One of the most noticeable changes Sarah Cosgrove sees in people who quit smoking is that their complexion improves from a ghostly pallor to a healthy pink. Cosgrove, a tobacco treatment specialist and respiratory therapist for the Rutland Regional Medical Center Community Health Team, has worked as a Vermont Quit Partner for the past six years.
“Helping people to quit smoking is meaningful work, and most smokers want to quit,” said Cosgrove, who is one of 50 quit partners and 15 community health teams statewide. “You see how the behavioral change brings people confidence and affects how they stand and hold themselves because it directly impacts their overall happiness.”
The Vermont Department of Health is airing a Quit Partners television and internet ad featuring Cosgrove and Rose Sheehan from St. Johnsbury beginning on April 8. Tips are offered to smokers that provide alternatives to lighting up, such as delaying your smoke, drinking water, breathing deeply, and doing something else.
Every year, approximately 17 percent of deaths in Vermont are due to smoking-related diseases.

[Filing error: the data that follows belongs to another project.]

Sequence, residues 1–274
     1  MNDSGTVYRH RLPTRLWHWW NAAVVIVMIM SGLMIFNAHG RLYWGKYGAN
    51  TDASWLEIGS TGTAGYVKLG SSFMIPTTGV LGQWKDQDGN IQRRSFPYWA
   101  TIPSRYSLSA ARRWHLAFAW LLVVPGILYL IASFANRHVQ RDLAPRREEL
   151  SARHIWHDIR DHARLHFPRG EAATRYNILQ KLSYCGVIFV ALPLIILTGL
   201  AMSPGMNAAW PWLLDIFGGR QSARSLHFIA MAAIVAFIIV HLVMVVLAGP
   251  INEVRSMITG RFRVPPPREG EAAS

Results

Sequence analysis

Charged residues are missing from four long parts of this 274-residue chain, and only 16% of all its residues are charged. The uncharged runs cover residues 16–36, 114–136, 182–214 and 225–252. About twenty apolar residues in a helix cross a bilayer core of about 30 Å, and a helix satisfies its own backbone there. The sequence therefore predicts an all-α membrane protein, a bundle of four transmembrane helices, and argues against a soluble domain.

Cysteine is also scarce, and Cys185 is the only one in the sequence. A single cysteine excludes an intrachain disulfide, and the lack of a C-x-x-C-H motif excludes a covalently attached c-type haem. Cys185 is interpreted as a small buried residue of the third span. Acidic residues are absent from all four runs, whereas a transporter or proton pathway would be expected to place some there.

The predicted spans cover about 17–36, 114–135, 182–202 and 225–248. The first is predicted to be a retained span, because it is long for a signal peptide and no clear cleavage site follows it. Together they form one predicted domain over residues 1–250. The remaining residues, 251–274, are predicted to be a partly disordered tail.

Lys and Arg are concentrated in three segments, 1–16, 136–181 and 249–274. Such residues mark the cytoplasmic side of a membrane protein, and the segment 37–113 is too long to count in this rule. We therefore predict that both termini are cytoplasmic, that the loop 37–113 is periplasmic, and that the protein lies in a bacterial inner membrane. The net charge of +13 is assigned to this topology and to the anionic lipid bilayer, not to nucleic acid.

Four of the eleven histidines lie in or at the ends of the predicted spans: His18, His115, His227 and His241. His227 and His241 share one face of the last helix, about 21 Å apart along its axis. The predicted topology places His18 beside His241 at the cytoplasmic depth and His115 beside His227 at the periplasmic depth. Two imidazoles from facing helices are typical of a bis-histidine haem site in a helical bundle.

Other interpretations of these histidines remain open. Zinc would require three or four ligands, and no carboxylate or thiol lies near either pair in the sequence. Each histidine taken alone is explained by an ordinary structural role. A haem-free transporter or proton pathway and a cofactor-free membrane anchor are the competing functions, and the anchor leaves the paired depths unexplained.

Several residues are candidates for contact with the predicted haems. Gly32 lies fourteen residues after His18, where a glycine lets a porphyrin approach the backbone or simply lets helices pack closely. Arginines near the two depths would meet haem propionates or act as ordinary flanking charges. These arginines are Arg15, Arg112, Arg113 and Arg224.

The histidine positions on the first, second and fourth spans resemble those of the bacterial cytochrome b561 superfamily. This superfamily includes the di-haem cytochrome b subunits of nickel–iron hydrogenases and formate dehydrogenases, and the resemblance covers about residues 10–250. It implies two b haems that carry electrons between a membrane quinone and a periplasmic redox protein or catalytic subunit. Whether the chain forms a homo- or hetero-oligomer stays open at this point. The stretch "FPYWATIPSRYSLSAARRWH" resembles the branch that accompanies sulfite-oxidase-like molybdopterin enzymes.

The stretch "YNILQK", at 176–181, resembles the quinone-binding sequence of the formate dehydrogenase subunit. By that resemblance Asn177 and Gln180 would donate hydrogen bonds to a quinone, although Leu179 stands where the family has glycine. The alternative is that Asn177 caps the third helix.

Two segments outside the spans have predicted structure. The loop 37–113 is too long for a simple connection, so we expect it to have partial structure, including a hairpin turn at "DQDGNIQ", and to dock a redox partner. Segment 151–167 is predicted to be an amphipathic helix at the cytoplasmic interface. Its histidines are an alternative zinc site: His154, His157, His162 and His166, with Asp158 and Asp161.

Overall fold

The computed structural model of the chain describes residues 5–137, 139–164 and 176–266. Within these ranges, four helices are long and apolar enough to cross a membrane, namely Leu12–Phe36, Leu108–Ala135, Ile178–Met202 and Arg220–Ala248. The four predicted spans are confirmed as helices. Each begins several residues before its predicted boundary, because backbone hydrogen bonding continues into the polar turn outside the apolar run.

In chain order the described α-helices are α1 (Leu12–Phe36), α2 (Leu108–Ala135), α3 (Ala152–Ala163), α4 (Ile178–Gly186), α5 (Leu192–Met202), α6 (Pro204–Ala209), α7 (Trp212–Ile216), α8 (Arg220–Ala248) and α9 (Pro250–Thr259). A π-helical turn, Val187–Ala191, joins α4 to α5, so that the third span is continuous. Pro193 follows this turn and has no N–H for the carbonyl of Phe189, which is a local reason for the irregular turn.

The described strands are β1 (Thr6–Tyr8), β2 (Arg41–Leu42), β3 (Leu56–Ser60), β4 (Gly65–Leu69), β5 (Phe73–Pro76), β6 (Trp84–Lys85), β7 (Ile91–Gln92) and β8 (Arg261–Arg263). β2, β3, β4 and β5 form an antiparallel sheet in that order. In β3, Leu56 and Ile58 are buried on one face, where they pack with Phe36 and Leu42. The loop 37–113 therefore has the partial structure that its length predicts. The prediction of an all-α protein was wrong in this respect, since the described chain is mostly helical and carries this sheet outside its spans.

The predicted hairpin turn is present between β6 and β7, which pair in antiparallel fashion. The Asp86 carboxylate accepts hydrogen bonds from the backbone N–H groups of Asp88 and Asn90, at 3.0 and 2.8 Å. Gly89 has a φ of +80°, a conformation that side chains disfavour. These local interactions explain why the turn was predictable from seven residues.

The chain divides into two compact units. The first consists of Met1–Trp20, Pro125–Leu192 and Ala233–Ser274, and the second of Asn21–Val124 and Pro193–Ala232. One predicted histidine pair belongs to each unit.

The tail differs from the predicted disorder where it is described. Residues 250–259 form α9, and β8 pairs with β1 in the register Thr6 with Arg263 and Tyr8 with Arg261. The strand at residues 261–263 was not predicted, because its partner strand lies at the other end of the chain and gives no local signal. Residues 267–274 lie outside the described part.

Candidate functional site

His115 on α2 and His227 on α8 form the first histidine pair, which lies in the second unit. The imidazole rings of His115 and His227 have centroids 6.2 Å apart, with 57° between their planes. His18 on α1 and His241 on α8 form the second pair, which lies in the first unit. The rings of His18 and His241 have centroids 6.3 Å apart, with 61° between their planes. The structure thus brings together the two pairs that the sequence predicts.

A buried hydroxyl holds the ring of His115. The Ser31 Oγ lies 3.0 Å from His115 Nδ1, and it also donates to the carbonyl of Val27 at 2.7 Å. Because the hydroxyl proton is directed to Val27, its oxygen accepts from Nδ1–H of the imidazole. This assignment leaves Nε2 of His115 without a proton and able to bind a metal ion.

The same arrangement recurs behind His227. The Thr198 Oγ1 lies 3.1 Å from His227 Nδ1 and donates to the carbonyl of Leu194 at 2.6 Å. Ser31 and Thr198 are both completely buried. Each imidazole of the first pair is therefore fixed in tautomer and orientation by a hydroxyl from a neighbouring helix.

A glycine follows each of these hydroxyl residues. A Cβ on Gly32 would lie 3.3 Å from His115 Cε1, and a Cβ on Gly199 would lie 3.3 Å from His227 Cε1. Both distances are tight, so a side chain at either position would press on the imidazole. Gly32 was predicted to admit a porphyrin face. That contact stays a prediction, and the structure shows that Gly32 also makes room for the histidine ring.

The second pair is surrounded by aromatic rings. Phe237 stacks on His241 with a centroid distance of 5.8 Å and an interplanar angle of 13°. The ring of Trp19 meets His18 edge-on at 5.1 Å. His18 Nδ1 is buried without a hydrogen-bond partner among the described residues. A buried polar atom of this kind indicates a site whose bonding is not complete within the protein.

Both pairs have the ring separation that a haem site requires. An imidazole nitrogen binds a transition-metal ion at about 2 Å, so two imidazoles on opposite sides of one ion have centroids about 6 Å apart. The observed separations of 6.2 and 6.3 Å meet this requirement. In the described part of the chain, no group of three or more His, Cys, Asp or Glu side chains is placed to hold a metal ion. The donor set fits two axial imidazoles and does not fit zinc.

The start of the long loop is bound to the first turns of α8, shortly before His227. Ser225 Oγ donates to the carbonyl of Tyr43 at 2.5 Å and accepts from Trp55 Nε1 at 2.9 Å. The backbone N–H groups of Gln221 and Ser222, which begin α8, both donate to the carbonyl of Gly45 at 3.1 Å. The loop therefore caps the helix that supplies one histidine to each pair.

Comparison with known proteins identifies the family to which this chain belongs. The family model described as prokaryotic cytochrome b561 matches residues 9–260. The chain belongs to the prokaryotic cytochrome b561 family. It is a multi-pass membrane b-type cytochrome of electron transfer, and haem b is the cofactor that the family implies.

Beginning April 1, the U.S. Centers for Disease Control and Prevention (CDC) is airing its own series of ads that show people who are living with the effects of smoking-related diseases. The newest ads in the “Tips from Former Smokers” campaign tell the stories of lives changed forever due to their smoking or exposure to secondhand smoke. The new ads will air through June 23.
The ads call attention to smoking-related health conditions— including chronic obstructive pulmonary disease or COPD, more severe adult asthma, and complications from diabetes, such as blindness, kidney failure, heart disease, and amputation—and candidly describe the losses from smoking and the gains from quitting.
Cosgrove said smokers who take time to weigh the pros and cons of smoking usually quit.
“Reasons why people continue to smoke give us great insight on where we need to work. I always tell people, ‘Why stay the same?’ My goal is to change their entire thought process.”
Smokers are encouraged to call 1-800-QUIT NOW, a toll-free number to access free quit support across the country.
For more information about Vermont Quit Partners visit: http://www.vtquitnetwork.org, and to see the new advertisement on Youtube visit: http://www.youtube.com/watch?vxX3U10eVe9M
Tobacco is still the number one cause of preventable death. Reducing the prevalence of smoking, and increasing the percentage of smokers who attempt to quit are goals of Healthy Vermonters 2020, the population health indicators and goals that will guide the work of public health for the decade.
Visit the Health Department at www.healthvermont.gov, follow us on Twitter and join us on Facebook for health information, news and alerts.
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